Be aware that secure and non-secure shared objects come from entirely separate spaces, so it is possible to obtain two persistent shared objects (one secure and one non-secure) that have identical names, localPaths, and domains but are separate. For example, if an HTTPS SWF creates a secure shared object called “userInfo” and a localPath of “/”, and later an HTTP SWF retrieves a non-secure shared object called “userInfo” and a localPath of “/”, this second shared object will actually be separate from the first because the two objects come from different stores.

Why Use Secure Shared Objects?

Secure persistent shared objects provide protection against a hypothetical class of attempts by unauthorized parties to access sensitive data.

The HTTPS protocol provides several important protections. The best-known of these is encryption, which prevents third parties on the network from seeing the contents of the network conversation. But another important benefit is integrity, which ensures that when one party sends data to the other, the data either arrives without modification or, if it arrives modified, the modification is detected and the data is rejected as invalid. This helps thwart what is called a man-in-the-middle attack, which takes advantage of the Internet’s distributed nature: a party in the middle of the network conversation, such as an employee of an ISP, a network operator, a proxy server, a firewall, and so on, can not only listen in on a conversation but can modify data sent in either direction, possibly inserting their own document that takes actions on the sending party’s behalf that the sending party did not intend. For example, if a user visits example.com and views a SWF that asks for login information, a man-in-the-middle attacker could substitute his or her own, nearly identical SWF that would not just send the user’s login to the intended recipient but also send it to the attacker. If, however, the connection is secured over HTTPS, a middle party’s modified SWF would be rejected when the client received it and the attack would fail.

For completeness’ sake, another similar attack is based on impersonation of a site providing a SWF, using vulnerabilities in DNS or other systems that are used to identify a server. Another property of HTTPS called authentication foils this type of attack by using SSL certificates to verify the identity of the server. For our purposes, discussing a man-in-the-middle attack suffices to cover both man-in-the-middle and impersonation attacks.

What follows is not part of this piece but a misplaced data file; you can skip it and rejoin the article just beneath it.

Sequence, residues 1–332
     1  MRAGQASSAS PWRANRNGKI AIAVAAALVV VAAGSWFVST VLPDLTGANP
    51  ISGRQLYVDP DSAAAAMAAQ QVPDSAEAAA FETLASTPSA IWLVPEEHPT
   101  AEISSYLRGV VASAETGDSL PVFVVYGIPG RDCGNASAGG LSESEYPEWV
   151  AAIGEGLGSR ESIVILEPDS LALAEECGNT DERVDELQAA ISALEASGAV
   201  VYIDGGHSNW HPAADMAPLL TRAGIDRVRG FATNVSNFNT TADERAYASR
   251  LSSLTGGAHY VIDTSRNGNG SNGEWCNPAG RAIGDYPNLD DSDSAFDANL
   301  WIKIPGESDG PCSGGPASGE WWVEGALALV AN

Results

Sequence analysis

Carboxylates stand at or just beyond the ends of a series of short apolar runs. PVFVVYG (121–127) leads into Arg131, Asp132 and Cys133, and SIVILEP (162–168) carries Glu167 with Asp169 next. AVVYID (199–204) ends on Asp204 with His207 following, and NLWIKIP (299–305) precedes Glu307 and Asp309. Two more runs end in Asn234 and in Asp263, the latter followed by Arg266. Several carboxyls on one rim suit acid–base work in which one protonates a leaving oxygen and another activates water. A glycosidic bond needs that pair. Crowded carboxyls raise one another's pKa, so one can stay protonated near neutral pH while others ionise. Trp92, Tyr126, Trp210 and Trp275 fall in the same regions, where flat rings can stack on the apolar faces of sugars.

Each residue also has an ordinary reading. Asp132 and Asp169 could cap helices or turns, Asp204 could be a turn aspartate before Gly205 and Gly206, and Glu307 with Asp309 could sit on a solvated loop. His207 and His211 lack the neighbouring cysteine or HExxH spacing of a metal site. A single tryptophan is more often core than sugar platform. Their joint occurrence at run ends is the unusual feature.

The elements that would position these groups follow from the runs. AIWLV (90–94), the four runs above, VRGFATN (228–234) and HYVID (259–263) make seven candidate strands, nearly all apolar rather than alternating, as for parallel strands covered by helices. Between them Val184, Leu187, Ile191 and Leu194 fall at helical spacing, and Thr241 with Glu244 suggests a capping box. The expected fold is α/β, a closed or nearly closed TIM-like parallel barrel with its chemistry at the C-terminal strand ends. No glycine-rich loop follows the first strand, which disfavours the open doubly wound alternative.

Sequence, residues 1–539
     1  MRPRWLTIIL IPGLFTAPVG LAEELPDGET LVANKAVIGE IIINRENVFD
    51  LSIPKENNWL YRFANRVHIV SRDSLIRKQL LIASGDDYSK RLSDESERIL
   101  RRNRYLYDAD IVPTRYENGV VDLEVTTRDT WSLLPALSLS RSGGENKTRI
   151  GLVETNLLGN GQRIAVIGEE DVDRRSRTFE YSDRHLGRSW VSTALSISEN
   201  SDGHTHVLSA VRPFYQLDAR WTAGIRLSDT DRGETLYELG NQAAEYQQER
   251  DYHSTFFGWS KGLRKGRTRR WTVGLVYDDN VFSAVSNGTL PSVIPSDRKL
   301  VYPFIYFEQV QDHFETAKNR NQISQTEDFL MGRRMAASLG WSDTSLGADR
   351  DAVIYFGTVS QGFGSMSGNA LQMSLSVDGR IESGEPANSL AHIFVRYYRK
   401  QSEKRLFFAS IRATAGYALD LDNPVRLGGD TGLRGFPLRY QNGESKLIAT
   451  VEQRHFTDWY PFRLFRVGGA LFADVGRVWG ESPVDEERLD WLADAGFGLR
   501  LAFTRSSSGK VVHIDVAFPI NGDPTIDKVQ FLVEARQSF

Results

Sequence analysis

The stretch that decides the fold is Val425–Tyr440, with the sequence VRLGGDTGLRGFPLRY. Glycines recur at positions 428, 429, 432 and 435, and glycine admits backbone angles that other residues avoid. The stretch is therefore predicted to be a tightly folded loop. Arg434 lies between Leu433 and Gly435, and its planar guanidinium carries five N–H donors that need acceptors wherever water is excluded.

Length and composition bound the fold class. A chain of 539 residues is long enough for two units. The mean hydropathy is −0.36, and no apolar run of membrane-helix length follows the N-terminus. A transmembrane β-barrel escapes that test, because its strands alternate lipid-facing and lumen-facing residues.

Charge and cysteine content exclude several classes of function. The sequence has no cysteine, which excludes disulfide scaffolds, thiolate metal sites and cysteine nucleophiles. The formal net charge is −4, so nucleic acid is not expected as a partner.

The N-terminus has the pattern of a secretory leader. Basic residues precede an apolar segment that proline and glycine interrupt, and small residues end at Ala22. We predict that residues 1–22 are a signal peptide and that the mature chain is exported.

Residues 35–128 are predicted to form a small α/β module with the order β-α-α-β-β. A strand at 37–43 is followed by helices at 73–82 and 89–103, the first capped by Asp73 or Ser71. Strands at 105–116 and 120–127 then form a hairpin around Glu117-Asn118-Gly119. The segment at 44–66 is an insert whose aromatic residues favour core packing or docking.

If you serve a SWF over HTTPS and you write a persistent shared object from that SWF, you may have good reasons to want the data in that shared object to remain available only to your own SWFs—and, essentially, to the user. For example, you may be recording sensitive information in a persistent shared object, such as account information or financial data. Ideally, for instance, you would like to be sure that if one of your users falls victim to a man-in-the-middle attack, the attacker cannot gain access to the data in that shared object.

In Flash Player 7, if your HTTPS SWF wrote a shared object and a user was subsequently tricked by a man-in-the-middle attacker into visiting an URL on your site from which the shared object could be accessed—in fact, possibly the very same URL from which your SWF was served—but with the crucial difference of using HTTP instead of HTTPS, then the attacker could send their own SWF and Flash Player would believe that the attacker’s SWF came from your site. The attacker’s SWF would then be able to read the shared object and report its contents back to the attacker.

To be sure, these attacks are difficult to orchestrate. If you have already deployed HTTPS SWFs that have written sensitive data in persistent shared objects, it is not very likely that anyone has attempted to access your data using attacks of this type. However, for optimal protection in the future, if you store sensitive data in persistent shared objects, you should consider using secure shared objects.

Where to Go from Here

As one of the most widely distributed pieces of software in the world, Flash Player earns its place on so many computers and devices by virtue of its rich media capabilities, stability, and trustworthiness. In addition to new expressive capabilities and improved performance, Flash Player 8 enhances the web-surfing safety of its hundreds of millions of users. That fact will not go unnoticed. Flash Player will keep its reputation among security professionals as responsible software that puts users in control of their personal information.

The enhancements discussed in this article are not entirely without cost. A small fraction of the millions of SWFs that circulate through the world will, quite unintentionally, be affected by these new user protections in ways that their authors could not originally have foreseen. Macromedia does not take such developments lightly—we have spent considerable time weighing the costs and benefits of these security changes. Flash has built a strong reputation as a “deploy once and never worry again” technology. New Flash Player releases play even the oldest Flash content just as well as when it was first published. Nevertheless, we stand by our responsibility to Flash Player users. In making Flash Player worthy of everyone’s trust, we will guarantee a long, stable future for rich media.

  •  

  •    
  •